English 101 (01)
16 February 1997
Brain Drain : Its Aftermath for Bangladesh
What is brain drain? According to Walter Adams, the term itself is loaded, pejorative, suggestive of loss of a vital resource, without compensation (2). More precisely, brain drain is the depletion of the intellectual or professional resources of a country through immigration. Such a migration has gone on for decades and in some measures for centuries, as is evidenced by the way the Scots have migrated to England, the United States, the Commonwealth and other parts of the world. The climate, natural resources and relative lack of opportunity at home have impelled generations of able young Scots to leave home and seek their careers and fortunes elsewhere. The higher rewards and opportunities in other countries have been alluring factors. And what has been true of the Scots has also been true of Canadians, Scandinavians, Greeks and many other nationalities including Bangladesh, a South Eastern country (12). Although brain drain may not be the only reason Bangladesh's plight, it is surely a major factor which hampers progress. In fact, Bangladesh is a classic example of the aftermath that follows brain drain.
The 1950's began amid optimism about the development of Asian countries including Bangladesh. It was assumed that investment, education, and modern management would be sufficient for their economic growth. By the 1960's, disillusionment spread. The progress of developing countries was uneven, it fell short of aspirations, the developed countries grew faster, and therefore international gaps widened rather than narrowed. The "brain drain" issue moved from scholarly analysis and newspaper recriminations onto the floor of the United Nations General Assembly in late 1967 (Glaser 12-13). Resolutions introduced by developing countries demanded that richer members (particularly the United States) change their migration policies, encourage foreign students to learn the skills needed at home, encourage these students to return, and compensate the developing countries for losses (Niland xi).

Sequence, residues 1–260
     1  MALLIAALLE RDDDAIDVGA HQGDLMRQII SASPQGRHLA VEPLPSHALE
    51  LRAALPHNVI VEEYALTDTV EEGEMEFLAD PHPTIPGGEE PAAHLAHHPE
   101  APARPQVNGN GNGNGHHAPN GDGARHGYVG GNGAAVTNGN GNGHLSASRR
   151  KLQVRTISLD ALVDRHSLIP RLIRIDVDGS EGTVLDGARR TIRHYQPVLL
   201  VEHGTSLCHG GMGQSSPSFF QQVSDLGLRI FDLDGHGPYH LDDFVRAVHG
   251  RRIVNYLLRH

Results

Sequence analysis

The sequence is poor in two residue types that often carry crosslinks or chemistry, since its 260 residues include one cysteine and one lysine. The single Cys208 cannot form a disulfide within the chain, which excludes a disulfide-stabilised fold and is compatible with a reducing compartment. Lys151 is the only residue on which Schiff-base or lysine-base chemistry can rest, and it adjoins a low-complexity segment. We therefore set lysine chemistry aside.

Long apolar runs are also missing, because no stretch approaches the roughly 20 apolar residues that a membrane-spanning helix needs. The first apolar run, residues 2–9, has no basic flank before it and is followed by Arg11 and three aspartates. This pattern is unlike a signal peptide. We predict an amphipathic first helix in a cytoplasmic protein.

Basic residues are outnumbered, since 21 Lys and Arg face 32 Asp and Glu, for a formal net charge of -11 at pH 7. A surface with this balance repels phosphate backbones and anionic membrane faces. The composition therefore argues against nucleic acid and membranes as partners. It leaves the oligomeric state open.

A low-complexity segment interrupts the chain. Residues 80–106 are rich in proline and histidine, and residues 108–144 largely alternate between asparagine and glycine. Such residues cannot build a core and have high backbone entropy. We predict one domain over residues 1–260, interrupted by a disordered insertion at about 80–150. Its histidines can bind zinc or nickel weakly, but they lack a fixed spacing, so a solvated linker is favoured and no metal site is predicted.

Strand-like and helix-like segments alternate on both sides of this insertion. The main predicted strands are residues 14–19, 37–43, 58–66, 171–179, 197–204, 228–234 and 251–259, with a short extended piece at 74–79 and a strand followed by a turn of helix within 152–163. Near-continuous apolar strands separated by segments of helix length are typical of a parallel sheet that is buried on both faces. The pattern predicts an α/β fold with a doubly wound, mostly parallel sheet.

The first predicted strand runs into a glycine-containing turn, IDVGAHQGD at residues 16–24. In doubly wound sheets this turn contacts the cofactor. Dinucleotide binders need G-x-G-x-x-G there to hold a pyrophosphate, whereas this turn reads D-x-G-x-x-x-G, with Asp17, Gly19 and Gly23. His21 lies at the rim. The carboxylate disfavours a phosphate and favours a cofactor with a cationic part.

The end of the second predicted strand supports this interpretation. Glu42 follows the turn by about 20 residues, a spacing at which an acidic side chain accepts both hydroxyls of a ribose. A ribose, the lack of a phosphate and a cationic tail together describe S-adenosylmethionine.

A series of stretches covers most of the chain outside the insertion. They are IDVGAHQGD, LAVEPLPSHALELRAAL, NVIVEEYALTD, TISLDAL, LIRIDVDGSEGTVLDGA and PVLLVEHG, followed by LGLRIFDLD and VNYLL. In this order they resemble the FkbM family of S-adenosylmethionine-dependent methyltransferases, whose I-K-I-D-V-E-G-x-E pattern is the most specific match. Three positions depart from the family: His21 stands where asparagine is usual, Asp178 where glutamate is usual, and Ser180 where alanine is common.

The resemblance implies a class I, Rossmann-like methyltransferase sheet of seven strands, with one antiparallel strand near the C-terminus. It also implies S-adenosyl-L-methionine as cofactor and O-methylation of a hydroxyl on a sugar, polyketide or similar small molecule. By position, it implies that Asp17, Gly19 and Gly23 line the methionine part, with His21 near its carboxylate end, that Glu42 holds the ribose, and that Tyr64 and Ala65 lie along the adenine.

Today, the growing output of schools in Bangladesh is imperfectly related to the job market; consequently many skilled persons find unsatisfactory jobs or no jobs at all. In the developed countries, service industries and complex manufacturing grow at least as fast the output of their own schools (Glaser 9), many attractive jobs are created and migrants are welcomed by employers. According to Walter Adams, human capital, as a strategic resource, is flowing out of the economy of Bangladesh where it can make the greatest contribution to human welfare, and into economies already well-supplied with trained, capable, scientific and administrative personnel (33).
In addition, Bangladesh has been facing a number of obstruction to development such as poor drainage system, low quality of building resources, computer illiteracy, student politics, political disruptions, unsteady Government systems, strikes, sexism, corruption, natural calamities, crime, etc. Such impediments gives rise to an unwanted frail nation.
A nation is considered to be modern and advanced by surveying the extents of its technological developments in the field of science and industry. The main sources of the knowledge and know-how for these technologies are the educated and motivated individuals who include scientists, doctors, engineers, teachers, business pioneers, etc. But in a country like Bangladesh where most of the people are illiterate, advancement in development is at stake. On the other hand, the ones who are educated and capable of contributing towards the growth of the nation, prefer to live abroad. Statistics show that between 1946 and 1961, 43,000 scientists and engineers, "many" of whom came from the less developed countries, emigrated to the United States (Adams 32). Moreover, Glaser estimated that over 90 percent of Asian students who arrive for training in the United States never return home (45).